http://forums.phoenixrising.me/index.php?threads/is-me-due-to-ehlers-danlos-syndrome-stretchy-veins.20351/

    Cheers,

    Ally
  11. Allyson

    Allyson *****

    Messages:
    1,684
    Likes:
    669
    Australia, Melbourne
    why we get bad jetlag


    Vasodilation due to depressurisation from altitude
    plus dehydration from aircon
    plus sitting upright for prolonged period
    plus sitting STILL for prolonged period - no muscle movement to help venous return
    plus hot crowded environment
    plus lots of waiting around in queues and lounges

    If you happen to throw in alcohol you are a dead duck - that does most of the above as well so you get a double whammy

    these reasons above are why normal people get drunk more easily at altitude too - dehydrated so alcohol has a more potent effect.




    A
  12. Kina

    Kina Moderation Team Lead

    Messages:
    5,536
    Likes:
    4,077
    Ontario, Canada
    A simple answer would be that it's not just the act of sitting on an airplane that would cause a person with ME to crash.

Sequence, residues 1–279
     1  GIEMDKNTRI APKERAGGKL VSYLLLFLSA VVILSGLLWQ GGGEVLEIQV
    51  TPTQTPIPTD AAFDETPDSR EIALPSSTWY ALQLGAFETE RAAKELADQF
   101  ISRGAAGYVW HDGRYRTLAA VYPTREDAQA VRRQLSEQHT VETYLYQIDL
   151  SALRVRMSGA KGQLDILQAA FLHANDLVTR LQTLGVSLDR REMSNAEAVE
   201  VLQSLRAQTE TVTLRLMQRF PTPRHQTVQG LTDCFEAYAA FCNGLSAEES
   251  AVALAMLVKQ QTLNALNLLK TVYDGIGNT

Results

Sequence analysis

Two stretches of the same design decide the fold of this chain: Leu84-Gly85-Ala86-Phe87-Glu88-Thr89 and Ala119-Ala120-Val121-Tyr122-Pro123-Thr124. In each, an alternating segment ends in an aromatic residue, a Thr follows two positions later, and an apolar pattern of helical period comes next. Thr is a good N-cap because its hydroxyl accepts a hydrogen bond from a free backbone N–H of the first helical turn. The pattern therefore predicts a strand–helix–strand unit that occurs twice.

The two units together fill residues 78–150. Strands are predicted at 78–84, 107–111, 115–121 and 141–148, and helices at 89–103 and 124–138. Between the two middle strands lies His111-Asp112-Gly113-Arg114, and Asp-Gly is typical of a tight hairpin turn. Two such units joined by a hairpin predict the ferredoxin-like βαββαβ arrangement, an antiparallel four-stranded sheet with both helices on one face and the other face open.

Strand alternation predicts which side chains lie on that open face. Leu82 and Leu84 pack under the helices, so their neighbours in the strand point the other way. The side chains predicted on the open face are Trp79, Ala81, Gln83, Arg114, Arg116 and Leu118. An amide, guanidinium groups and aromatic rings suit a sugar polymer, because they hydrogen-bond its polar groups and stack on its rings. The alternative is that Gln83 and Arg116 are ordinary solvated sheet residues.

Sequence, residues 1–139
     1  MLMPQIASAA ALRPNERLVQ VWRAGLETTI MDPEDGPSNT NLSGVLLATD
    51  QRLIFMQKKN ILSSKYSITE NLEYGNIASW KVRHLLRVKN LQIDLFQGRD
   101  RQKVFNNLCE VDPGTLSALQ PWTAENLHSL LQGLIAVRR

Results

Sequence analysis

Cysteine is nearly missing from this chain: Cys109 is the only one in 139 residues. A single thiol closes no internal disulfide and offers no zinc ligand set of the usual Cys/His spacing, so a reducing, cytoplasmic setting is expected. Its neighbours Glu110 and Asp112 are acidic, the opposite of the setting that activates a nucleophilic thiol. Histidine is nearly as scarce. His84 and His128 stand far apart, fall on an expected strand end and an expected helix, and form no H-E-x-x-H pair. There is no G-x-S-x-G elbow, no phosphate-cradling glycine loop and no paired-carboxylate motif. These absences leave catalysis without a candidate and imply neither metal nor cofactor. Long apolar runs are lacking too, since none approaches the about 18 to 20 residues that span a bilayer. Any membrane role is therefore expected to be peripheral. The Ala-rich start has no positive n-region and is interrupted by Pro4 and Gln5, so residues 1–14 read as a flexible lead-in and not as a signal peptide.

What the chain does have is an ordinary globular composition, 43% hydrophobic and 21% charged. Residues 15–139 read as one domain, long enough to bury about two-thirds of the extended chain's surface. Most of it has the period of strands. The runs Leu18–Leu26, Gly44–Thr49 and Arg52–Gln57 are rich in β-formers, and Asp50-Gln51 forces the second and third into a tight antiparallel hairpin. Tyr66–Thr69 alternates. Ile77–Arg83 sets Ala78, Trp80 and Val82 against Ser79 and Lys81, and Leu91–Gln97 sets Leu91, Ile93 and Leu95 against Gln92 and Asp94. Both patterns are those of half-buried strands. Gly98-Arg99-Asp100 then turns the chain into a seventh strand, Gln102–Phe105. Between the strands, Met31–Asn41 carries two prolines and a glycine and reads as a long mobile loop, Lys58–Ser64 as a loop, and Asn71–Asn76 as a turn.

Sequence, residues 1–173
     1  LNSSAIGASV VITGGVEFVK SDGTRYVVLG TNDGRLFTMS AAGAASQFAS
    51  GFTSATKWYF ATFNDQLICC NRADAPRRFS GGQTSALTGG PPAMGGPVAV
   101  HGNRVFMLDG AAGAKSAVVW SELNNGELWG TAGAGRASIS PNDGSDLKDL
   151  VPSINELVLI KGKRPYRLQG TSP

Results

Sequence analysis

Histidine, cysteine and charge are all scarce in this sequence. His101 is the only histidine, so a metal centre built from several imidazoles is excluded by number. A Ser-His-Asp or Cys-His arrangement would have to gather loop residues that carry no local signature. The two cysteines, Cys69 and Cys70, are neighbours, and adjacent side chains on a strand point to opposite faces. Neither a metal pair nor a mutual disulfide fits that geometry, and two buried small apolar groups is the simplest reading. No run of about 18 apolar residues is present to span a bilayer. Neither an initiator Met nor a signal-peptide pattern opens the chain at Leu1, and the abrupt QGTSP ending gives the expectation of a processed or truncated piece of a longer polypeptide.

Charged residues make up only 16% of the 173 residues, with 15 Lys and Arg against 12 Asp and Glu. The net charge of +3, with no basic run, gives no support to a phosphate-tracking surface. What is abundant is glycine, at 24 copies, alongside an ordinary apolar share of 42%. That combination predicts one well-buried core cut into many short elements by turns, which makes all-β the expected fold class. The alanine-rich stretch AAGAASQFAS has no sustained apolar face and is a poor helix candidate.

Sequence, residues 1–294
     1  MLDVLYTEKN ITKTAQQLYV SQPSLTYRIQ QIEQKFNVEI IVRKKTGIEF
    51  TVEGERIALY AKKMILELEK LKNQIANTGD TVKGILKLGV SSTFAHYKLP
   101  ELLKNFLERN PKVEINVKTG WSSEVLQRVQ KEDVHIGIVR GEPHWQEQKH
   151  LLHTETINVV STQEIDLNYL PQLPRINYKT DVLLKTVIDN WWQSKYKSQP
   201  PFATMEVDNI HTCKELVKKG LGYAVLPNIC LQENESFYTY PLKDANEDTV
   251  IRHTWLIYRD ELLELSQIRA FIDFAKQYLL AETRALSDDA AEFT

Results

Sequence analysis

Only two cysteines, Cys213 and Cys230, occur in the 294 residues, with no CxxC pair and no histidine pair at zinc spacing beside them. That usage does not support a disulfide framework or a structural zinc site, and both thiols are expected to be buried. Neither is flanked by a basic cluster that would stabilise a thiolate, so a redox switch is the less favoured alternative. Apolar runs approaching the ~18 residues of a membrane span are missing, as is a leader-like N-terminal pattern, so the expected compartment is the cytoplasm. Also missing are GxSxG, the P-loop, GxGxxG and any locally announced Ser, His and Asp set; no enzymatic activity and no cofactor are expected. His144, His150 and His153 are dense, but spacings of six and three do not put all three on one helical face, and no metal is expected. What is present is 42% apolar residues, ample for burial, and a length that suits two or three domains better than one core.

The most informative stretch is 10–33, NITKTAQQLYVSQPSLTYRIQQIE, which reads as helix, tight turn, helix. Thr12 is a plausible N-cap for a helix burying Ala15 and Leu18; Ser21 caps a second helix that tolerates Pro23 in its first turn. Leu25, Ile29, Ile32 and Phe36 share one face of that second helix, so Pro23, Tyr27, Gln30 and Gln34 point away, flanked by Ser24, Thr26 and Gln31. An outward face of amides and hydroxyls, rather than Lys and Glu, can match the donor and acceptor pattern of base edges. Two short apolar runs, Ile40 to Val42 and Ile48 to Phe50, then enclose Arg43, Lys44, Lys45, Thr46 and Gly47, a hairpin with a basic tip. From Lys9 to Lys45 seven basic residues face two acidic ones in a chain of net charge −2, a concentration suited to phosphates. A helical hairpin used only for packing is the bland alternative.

Consider the following factors -- packing a suitcase is enough for some of us to crash, then there is the physical trip to the airport (for me it's two hours or 4 or 5 depending on the traffic jams), then it's getting your luggage into the airport, then waiting in usually long line ups in a noisy, bright environment, then after that it's usually going through a security check with more long line ups, then it's waiting in the departure area which usually means standing because the few seats that are available are taken. The last time I flew was to Heathrow from Toronto back in 2007 and I can tell you being able to sit down on the airplane to rest is what I looked forward to.